James Pethokoukis

Politics and policy from inside Washington

What is tax-crazy Illinois thinking?

Jan 11, 2011 17:58 UTC

The news just gets worse and worse from my home state (via The Tax Foundation):

llinois’ legislature is currently considering an alternative to the initial tax increase proposed last week. Instead of pushing for a 75% increase in the personal income tax and a 49% increase corporate income tax, this proposal would raise the individual income tax rate to 5% and the corporate rate 9.5%. While this proposal is more modest than the first, but it still hurts the competitiveness of Illinois when it comes to maintaining and attracting new business.

If this passes, Illinois will have the third highest corporate income tax in the country behind only Minnesota and Pennsylvania. The corporate income tax has been shown to be among most damaging tax in terms of economic growth.

The individual income tax is often times ignored as a factor in business decisions. This is unfortunate because a large amount of business income is actually filed through the individual income tax. In raising the rate to 5%, Illinois would have the one of the highest flat individual income tax in the country.

In solving their budget problems, Illinois needs to do something that it has not done in a long time and that is look to the future. The governor and the legislature need to look past the next day, week and month and consider the long term effect of their policy decisions.


‘Friday, December 31, 2010
New pension law could force municipalities to raise property taxes 60% While most emphasis has been on Speaker Madigan’s pension reform law setting up for later retirements and less cushy pensions for new firemen and law enforcement hires, little attention has been focused on the shift in pension fund pay=in burden that local city councils argue will now suddenly fall on their already cash-strapped budgets. Chicago’s Mayor Daley blasted the reform bill Quinn signed on Thursday, predicting it will cause Chicago to hike its property taxes up to 60%.

ABC Chicago News covered the topic’

http://illinoisreview.typepad.com/illino isreview/2010/12/new-pension-law-could-f orce-municipalities-to-raise-property-ta xes-60-mayor-says.html

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The tax deal and Obama’s reelection chances

Jan 5, 2011 15:42 UTC

It looks like Robert Gibbs will be leaving the White House to run his own consultancy and work on Obama’s 2012 campaign. Ruy Teixeira, a politics guys not an econ guy, thinks the Obama-Republican tax deal makes it far more likely that campaign will be a successful one:

A significantly better economy is certainly the key to reaching voters in the white working class, which supported House Republicans by an unprecedented 30 points in 2010. To be reelected, Obama needs to bring that gap down to around its size in 2008 (18 points), and he simply won’t get there if these voters, unsympathetic to Obama to begin with, continue to see a lack of economic progress.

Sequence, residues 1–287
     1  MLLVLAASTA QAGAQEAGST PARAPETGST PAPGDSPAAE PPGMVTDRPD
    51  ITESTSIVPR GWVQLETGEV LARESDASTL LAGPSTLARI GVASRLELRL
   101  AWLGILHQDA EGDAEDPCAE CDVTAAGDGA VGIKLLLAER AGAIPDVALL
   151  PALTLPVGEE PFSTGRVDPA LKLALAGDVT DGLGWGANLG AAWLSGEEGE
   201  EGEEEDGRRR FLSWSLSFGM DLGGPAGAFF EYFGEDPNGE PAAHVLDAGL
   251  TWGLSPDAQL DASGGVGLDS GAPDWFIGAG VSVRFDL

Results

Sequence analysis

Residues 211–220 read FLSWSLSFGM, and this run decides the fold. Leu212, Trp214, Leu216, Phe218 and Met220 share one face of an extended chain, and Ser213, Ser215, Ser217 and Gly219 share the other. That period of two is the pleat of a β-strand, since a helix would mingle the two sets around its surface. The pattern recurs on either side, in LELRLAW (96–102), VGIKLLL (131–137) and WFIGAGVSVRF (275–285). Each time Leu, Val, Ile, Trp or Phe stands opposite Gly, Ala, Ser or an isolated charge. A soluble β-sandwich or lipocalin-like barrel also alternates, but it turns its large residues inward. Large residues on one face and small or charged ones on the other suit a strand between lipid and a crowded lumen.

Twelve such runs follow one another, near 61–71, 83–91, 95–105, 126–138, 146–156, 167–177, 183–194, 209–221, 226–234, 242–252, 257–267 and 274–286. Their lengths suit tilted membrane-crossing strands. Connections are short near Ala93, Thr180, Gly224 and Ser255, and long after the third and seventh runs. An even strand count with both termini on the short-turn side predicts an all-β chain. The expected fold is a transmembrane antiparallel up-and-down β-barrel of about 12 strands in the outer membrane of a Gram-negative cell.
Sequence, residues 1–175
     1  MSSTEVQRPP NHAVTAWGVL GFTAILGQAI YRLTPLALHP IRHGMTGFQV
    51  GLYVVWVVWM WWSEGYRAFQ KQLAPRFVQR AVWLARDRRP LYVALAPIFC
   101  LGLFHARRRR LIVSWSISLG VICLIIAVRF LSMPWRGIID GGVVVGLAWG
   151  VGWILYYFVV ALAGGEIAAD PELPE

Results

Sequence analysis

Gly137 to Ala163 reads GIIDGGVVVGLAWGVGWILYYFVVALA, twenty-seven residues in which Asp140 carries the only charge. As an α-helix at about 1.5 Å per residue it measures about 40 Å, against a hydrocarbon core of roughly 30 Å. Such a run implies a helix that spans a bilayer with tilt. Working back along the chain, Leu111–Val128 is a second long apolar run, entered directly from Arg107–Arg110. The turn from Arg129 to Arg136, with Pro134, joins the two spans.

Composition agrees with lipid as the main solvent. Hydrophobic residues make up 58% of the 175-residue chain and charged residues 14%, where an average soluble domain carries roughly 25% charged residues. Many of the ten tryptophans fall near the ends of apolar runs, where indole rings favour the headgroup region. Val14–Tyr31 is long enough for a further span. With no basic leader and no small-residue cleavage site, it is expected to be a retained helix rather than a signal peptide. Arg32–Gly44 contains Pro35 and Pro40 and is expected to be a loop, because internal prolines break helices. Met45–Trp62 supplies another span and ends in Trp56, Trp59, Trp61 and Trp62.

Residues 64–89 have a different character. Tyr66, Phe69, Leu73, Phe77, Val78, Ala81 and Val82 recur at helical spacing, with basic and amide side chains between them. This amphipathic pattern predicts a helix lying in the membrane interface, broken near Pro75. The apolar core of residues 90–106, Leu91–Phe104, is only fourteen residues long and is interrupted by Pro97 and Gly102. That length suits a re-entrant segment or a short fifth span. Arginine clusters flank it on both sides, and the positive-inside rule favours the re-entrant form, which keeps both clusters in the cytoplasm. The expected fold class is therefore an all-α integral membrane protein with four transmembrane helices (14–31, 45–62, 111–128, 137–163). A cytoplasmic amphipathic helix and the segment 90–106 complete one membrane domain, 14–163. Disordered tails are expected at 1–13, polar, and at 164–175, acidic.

That much may seem obvious. But, in addition, it’s also true that Obama’s performance among sympathetic constituencies will depend to a very great degree on the economy. … The fact is that tens of millions of ordinary rank-and-file Obama supporters will end up basing their decisions on the state of their pocketbooks and the job market: Want 18-to-29-year-olds to turn out as 18 percent of the electorate and support Obama by anything like the 66-32 margin of 2008? Want minorities to turn out as 28 percent of the electorate and vote for Obama by a margin of 80-18? Want moderates to turn out as 44 percent of the electorate and support Obama by a margin of 60-39? Numbers near these will be impossible to achieve if the economy continues to stumble. Conversely, if a recovery seems to be kicking in, confidence will rise in Obama and his agenda, making it more likely that these voters will turn out and back the president.

It’s as simple as that. And Obama’s $858 billion package of tax cuts, tax credits, and unemployment benefits will in effect deliver a second economic stimulus, albeit not one any progressive—or sane—economist would have dreamed up on their own. In a world where unemployment barely budged and GDP growth couldn’t get above 3 percent, Obama’s re-election would be in considerable doubt. But with the tax-cut deal, there should be a significant decline in unemployment (though the absolute level will remain high) and a more robust growth rate, including during quarters two and three of election year, which political scientists tell us is particularly important to electoral outcomes.